Syro-Malabar Church’s quagmire

By Jeemon Jacob

Thiruvananthapuram, June 23, 2019: The 2,000-year-old Syro-Malabar Church, part of the Catholic fold in India, has never had it so bad. There seems to be a new controversy every day, including cases of corruption against the head of the church, Cardinal George Alencherry.

It all started after shady land deals in the Angamaly-Ernakulam archdiocese became public in March 2018. It was found that Cardinal Alencherry sold off prime lands owned by the archdiocese below market price and even transferred the ownership without receiving the amount. Church officials say they lost around 630 million rupees in the deals.

The cardinal defended the deals, stating he was not aware of the money transactions. But the priests’ council demanded an investigation with former church spokesperson Father Paul Thelakat leading the campaign.

Finally, Pope Francis removed Cardinal Alencherry from all administrative positions of the archdiocese and appointed Bishop Jacob Manathodath of Palghat as apostolic administrator of the archdiocese.

But in a new development, Bishop Manathodath, Father Thelakat and two others, including IIT Madras MTech student Aditya Valavi, have been accused of forging documents against the cardinal.

“The criminal case against the apostolic administrator and others is part of a mega-conspiracy to save the cardinal. The church, with the support of the ruling Left Front government, is framing cases to silence the cardinal’s critics,” says lawyer Polachan Puthupara, vice-chairman of the Joint Christian Council.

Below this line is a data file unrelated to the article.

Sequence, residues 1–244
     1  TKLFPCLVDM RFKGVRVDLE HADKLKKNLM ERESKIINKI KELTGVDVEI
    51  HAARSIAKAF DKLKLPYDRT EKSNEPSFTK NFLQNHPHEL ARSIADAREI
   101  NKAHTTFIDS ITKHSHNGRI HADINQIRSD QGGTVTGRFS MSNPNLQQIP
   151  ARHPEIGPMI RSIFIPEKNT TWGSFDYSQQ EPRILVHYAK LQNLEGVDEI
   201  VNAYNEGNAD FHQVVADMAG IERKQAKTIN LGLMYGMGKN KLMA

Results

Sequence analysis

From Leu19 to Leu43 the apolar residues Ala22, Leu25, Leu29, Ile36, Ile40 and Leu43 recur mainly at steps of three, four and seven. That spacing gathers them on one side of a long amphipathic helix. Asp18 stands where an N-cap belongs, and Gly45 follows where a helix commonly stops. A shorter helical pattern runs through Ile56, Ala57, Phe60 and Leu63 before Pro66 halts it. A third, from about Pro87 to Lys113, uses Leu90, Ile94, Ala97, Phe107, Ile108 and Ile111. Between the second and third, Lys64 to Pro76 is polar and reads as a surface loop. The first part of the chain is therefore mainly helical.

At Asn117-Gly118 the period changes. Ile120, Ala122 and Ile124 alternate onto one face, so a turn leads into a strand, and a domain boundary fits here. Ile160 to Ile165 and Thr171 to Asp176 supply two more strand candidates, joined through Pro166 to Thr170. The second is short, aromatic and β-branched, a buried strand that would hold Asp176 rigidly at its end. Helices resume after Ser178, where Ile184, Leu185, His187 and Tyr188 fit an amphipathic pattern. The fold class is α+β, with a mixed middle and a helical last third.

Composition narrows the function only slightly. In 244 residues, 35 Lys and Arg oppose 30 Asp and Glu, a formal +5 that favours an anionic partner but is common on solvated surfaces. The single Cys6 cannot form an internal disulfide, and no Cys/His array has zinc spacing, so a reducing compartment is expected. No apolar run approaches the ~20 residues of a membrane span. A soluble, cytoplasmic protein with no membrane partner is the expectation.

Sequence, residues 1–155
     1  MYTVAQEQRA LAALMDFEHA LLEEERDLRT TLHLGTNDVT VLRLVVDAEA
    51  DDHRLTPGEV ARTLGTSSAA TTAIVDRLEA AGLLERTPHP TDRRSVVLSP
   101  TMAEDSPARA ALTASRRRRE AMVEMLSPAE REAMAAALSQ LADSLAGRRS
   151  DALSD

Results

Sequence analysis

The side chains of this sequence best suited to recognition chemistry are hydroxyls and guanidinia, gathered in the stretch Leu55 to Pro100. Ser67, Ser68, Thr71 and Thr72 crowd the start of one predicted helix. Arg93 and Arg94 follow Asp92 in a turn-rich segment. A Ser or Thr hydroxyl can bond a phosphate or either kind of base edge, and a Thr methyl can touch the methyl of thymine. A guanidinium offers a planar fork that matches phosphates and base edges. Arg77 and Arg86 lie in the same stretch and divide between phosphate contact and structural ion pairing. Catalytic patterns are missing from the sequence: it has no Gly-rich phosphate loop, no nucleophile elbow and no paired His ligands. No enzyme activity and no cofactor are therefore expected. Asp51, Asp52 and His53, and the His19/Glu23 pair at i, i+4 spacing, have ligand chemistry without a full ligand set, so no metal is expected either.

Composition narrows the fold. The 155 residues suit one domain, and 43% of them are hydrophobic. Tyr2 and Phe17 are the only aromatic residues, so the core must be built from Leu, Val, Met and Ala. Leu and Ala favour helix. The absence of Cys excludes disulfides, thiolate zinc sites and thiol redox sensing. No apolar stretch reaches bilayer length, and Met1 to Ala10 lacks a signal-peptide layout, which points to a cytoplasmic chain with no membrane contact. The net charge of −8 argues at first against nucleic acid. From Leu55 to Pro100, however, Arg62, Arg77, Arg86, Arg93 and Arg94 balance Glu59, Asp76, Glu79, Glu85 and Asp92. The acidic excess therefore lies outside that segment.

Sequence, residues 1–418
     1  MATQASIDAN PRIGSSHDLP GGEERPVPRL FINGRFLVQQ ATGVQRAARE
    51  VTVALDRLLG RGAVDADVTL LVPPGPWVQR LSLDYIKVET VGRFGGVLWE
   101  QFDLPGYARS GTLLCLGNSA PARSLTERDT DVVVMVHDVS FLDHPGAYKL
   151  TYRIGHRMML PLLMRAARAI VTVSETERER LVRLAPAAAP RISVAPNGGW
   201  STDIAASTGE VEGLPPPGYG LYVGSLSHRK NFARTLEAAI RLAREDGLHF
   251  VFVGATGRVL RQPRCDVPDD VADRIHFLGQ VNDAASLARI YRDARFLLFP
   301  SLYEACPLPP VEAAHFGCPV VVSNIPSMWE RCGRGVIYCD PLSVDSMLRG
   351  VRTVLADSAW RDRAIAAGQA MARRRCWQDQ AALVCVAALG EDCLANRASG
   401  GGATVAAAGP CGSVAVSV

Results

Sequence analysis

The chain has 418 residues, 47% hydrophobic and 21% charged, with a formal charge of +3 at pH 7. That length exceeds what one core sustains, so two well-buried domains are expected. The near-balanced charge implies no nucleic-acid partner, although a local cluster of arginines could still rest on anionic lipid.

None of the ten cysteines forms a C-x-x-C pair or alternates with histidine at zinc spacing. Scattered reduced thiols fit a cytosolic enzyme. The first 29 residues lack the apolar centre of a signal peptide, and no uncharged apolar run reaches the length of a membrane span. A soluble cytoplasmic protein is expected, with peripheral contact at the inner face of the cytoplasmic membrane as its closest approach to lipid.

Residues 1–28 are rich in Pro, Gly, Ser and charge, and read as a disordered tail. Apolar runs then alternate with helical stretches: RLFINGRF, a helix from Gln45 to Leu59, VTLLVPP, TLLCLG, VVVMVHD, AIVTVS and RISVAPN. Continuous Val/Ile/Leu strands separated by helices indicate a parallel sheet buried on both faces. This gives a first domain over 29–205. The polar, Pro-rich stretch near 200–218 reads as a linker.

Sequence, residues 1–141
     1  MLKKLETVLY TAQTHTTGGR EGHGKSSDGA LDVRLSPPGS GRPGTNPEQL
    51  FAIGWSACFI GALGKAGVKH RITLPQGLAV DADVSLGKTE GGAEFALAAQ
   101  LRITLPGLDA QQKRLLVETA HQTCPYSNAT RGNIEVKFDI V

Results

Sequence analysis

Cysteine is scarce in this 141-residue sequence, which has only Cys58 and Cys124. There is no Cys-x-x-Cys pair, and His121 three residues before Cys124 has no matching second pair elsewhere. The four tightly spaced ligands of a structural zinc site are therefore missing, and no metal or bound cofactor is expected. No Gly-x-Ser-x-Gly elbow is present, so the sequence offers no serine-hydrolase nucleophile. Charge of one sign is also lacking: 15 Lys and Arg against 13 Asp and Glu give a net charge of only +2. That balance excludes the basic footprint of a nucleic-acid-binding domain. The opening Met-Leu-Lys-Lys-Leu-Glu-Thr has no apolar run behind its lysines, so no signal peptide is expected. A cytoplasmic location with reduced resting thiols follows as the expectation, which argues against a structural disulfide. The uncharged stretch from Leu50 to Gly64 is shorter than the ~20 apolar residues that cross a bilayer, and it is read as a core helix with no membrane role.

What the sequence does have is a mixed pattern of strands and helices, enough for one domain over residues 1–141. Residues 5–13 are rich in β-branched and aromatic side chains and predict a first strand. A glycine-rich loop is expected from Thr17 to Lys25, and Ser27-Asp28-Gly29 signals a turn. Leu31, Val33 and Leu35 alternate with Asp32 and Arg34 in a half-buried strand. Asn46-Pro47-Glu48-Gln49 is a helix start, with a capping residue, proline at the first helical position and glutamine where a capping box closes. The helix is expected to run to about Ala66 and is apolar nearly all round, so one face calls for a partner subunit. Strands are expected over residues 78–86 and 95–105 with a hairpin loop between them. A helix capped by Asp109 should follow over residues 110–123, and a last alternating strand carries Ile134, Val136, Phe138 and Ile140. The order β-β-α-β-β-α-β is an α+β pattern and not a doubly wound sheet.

Puthupara has filed cases against the cardinal in the Kerala High Court, among them one for fabricating the fake title deeds. “There is a power bloc including retired judges working to save the cardinal. Six judges in the high court recused themselves from hearing my petition,” he says.

The more than 5 million Syro-Malabar Catholics are in a quandary, with the Church heading for a vertical split. Former Ernakulam MP and social commentator Sebastian Paul says the Kochi police are showing undue interest in the case against the apostolic administrator and priests.

“Fr Thelakat is a much-respected priest. I have known him for 40 years. I can’t believe he fabricated documents,” Paul says. Paul, along with officials from the archdiocese, met Chief Minister Pinarayi Vijayan to request a fair investigation in the case.

Meanwhile, on June 6, the Kerala Catholic Bishop Council (KCBC) synod, the apex body of all bishops in the state, issued a circular exonerating Cardinal Alencherry and directed that it be read out in all parishes in the middle of Sunday Mass.

But within hours, the KCBC’s official spokesperson issued another circular withdrawing the initial one. The war within the Church fold seems to be intensifying by the day.


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